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Know Your Rights
Source: New York Times
Subject: Immigration
Type: Media Coverage

Helping Immigrants Navigate Government

At a Haitian church in Canarsie, Brooklyn, officials from the mayor’s office spent a recent Saturday morning discussing food stamps and discrimination in the workplace, their words translated into Creole for an audience of some 50 people.

The next night, another delegation spoke to a group of Bangladeshi immigrants in the Bronx about police precincts and community boards. In recent weeks, officials have held similar meetings with Albanians, Mexicans and West Africans.

The forums are part of a new program, run by the mayor’s office, that is intended to improve the relationship between city government and immigrants who are often wary of local authorities or unaware of city services available to them.

One N.Y.C., One Nation, as the program is called, is in some ways an acknowledgment that despite Mayor Michael R. Bloomberg’s vocal support for the city’s immigrants, too many of them remain cut off from the mainstream. The first forums have found many immigrants distrustful of the local police, unengaged with their elected officials and unable to find reliable legal help for their immigration problems.

“How do we fundamentally engage our immigrant communities to help them understand that their voice matters?” asked Fatima A. Shama, commissioner of the Mayor’s Office of Immigrant Affairs, which is coordinating the program.

The initiative, which began in February, also represents a shift of emphasis for the Bloomberg administration, which has spent significant energy rallying mayors and business leaders to lobby for a broad overhaul of federal immigration policy — only to see its campaign stall in Congress.

Instead of looking toward Washington, the new program focuses on government at its most humble: police precinct councils, community board meetings, zoning laws. While local officials and agencies directly affect immigrants’ quality of life and sense of empowerment and security, Ms. Shama said immigrants rarely connect with them.

At the meeting with Haitian immigrants at Beracan Baptist Church on Flatlands Avenue, the program’s director, Camelia Ghiuzeli Mitchell, asked whether anyone had ever heard of police precinct councils — neighborhood groups that meet with the local police to discuss safety issues. Not a hand went up.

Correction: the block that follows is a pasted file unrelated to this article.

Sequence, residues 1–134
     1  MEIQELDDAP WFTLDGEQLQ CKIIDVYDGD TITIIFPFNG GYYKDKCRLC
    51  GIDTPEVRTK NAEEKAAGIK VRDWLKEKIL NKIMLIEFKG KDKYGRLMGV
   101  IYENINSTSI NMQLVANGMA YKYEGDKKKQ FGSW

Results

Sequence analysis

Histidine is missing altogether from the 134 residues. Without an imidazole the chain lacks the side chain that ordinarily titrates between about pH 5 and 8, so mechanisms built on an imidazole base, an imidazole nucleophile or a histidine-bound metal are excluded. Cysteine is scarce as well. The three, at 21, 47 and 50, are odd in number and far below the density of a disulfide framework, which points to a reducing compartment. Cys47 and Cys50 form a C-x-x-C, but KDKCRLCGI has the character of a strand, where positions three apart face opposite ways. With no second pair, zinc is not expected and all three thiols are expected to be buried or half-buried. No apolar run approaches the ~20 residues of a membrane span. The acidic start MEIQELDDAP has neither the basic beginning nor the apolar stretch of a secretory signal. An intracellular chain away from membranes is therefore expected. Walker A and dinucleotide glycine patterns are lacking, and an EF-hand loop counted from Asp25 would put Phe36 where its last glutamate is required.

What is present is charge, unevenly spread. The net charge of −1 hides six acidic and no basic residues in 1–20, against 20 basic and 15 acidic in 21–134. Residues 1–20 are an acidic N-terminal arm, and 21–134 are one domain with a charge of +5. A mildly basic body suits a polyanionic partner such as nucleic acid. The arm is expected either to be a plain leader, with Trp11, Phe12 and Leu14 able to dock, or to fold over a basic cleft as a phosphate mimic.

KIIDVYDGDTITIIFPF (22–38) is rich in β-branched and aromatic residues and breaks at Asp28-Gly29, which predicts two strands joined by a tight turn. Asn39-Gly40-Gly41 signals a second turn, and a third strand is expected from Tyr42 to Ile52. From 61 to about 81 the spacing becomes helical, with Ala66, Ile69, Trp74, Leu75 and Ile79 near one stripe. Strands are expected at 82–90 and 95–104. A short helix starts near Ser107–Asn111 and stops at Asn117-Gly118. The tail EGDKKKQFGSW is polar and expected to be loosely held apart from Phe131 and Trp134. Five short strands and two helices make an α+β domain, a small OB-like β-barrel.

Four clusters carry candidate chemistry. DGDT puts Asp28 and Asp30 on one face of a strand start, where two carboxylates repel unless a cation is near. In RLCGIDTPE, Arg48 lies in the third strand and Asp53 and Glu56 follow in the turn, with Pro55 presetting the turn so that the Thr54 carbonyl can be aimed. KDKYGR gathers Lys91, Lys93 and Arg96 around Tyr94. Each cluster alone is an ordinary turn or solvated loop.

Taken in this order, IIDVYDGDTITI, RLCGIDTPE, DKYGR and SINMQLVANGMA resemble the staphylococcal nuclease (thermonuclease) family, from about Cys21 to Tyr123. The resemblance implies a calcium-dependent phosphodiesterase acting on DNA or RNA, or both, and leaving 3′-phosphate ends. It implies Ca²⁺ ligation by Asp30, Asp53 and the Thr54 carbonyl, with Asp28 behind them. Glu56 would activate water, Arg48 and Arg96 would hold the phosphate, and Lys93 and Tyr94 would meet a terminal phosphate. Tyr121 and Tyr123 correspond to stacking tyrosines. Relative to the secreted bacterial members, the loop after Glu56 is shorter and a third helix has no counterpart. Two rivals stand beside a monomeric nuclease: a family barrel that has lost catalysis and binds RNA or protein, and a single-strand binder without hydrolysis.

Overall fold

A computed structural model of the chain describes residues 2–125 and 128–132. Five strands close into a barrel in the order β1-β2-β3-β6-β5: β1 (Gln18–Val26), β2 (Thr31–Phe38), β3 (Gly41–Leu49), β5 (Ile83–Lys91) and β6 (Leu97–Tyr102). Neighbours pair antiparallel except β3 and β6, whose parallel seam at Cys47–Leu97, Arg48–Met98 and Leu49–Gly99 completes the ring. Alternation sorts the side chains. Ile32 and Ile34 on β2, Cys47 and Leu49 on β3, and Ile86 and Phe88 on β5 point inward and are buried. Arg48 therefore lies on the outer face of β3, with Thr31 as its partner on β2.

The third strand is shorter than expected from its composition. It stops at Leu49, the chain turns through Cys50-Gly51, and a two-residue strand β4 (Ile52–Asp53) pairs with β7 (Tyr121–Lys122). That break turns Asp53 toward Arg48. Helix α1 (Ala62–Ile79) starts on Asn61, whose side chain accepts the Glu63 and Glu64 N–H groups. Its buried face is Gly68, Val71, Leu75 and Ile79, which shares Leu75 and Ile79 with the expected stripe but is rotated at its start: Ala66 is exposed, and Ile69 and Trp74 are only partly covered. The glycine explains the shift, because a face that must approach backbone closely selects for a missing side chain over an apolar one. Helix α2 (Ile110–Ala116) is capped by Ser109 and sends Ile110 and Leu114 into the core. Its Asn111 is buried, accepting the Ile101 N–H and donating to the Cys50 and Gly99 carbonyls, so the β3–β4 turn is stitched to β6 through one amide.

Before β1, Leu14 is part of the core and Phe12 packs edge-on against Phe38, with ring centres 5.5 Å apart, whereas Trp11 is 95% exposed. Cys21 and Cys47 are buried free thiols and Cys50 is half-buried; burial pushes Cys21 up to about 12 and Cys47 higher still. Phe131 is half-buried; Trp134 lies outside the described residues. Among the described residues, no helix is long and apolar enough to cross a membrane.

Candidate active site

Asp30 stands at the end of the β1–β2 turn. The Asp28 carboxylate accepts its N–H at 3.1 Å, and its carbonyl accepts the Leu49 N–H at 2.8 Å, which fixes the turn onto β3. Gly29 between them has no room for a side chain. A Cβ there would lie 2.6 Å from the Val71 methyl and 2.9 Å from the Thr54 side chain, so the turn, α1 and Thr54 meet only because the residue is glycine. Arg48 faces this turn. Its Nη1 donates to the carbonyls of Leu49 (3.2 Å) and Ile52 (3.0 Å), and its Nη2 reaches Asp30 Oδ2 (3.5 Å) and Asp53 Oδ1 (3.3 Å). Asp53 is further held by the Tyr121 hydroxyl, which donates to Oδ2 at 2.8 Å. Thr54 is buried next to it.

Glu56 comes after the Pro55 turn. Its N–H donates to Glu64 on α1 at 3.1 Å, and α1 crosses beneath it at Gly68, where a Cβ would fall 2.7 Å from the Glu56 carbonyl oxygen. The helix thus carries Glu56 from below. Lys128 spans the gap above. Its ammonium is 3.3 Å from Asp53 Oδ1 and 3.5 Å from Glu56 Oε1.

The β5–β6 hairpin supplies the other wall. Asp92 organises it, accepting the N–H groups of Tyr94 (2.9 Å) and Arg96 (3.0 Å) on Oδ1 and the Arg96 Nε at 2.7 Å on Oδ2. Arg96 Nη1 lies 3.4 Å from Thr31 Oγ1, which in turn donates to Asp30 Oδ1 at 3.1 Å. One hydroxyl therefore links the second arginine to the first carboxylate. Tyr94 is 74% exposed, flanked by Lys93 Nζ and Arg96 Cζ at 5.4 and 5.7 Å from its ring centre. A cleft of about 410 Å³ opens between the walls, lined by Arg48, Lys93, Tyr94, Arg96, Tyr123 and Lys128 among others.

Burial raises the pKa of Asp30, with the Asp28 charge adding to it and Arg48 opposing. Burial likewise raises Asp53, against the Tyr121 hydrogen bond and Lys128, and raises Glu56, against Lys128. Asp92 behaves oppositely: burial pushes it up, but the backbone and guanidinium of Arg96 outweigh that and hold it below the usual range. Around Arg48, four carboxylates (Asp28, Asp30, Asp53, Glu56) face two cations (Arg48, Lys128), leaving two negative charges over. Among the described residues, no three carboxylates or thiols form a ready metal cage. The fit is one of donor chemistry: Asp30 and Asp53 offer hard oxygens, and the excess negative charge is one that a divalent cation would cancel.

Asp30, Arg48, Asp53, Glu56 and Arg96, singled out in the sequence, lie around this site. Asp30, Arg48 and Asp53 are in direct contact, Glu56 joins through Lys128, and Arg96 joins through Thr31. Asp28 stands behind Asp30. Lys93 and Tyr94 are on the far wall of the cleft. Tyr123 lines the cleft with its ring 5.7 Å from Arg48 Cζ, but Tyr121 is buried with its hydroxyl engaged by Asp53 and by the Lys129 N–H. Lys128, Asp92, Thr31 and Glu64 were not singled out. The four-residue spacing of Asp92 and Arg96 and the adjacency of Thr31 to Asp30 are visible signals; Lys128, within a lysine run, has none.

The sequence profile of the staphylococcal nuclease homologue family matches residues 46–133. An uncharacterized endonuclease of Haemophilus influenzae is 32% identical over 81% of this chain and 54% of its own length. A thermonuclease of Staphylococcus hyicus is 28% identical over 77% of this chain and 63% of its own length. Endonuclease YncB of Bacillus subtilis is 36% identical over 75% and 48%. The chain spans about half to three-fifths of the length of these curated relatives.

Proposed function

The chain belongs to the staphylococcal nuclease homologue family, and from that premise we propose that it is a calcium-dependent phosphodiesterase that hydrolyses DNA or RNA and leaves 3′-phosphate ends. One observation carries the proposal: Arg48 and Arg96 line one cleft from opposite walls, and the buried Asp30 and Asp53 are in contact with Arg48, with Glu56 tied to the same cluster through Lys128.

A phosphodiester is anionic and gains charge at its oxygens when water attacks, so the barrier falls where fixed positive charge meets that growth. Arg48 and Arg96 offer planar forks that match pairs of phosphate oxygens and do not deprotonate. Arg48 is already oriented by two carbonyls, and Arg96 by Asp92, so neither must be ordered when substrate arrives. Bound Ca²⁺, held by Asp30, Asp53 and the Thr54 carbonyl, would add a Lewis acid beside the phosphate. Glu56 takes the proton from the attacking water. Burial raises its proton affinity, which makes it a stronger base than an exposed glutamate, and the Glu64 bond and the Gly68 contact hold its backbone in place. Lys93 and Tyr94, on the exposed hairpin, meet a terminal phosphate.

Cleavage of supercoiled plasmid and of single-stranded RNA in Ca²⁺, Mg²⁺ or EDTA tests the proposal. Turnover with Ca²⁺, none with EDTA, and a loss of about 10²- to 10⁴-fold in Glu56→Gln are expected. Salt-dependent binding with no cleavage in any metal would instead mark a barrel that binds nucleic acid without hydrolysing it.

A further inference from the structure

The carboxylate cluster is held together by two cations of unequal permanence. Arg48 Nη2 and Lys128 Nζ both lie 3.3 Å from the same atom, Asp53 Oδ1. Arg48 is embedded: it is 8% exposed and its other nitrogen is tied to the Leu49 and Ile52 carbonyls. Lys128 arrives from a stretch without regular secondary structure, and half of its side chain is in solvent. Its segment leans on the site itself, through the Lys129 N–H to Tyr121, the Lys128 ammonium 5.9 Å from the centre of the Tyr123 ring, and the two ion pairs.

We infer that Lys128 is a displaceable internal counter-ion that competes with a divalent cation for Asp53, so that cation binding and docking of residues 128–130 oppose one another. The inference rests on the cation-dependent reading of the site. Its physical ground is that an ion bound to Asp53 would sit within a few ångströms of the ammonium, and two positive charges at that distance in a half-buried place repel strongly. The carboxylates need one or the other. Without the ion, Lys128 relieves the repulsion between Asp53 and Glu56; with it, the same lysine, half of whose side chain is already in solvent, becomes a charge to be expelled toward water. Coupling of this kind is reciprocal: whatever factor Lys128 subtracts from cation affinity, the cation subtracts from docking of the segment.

“Our immigrant communities,” Ms. Shama said, “know how to navigate a lot of the city that they participate in — they know how to put a parade together. But do they know what a community board is? Are they engaged with the park cleanup?”

“The success of the city will always be dependent on people being a part of their communities,” she added. “Now more than ever we have to make sure that immigrants trust us.”

The program was created in part as a response to some of the inflammatory remarks in last summer’s debate over a proposed Islamic center and mosque near ground zero, as well as several high-profile attacks against Muslims, gays and other minorities. “We had some intolerance happening in the city, which forces us to be smarter to ensure that our immigrant communities feel more comfortable,” Ms. Shama said.

One Nation, a national foundation that promotes civic engagement with an emphasis on reaching Muslims, is financing the project with a two-year, $500,000 grant to be supplemented by at least $500,000 raised by the New York Community Trust.

Ms. Shama said the New York initiative, which seeks to engage myriad immigrant groups on a wide range of projects, is the first of its scale in the country.

Posters and speakers will urge immigrants to become more involved with their children’s schools, to participate in English study programs and to open bank accounts. College readiness seminars and financial literacy sessions will be offered.

But the program also seeks to identify a new wave of leaders in immigrant communities who have ideas for reshaping their neighborhoods to better suit the changing populations. The mayor’s office is teaming up with the Coro New York Leadership Center to offer small grants to 20 immigrants, who will receive leadership training and help in creating community development projects. The hope is to cultivate a group of potential leaders to represent communities whose voices are seldom heard, Ms. Shama said.

Advocates for immigrants said they were pleased to see the city focusing on civic engagement, as long as the authorities continued offering basic services to the needy.

“If you’re shuttling your family to soup kitchens, it’s hard to play a meaningful role on the community board,” said Andrew Friedman, co-executive director of Make the Road NYC. “But there is a real desire in immigrant communities throughout the city to figure out how to engage.”

The meeting with the Haitians showed both the project’s potential and its challenges. The group sat patiently through more than an hour of presentations about city services and privacy policies, but at the end, few questions touched on any of the programs mentioned. Instead, nearly all asked about their immigration status, a matter largely beyond the program’s purview.

Still, many in the audience said the session proved valuable. “As an immigrant, we don’t know our rights, how to get help, who to talk to,” said Verlande Antoine, a Haitian nursing assistant who has lived in New York for nearly a decade. “You never know when you’re going to need help.”

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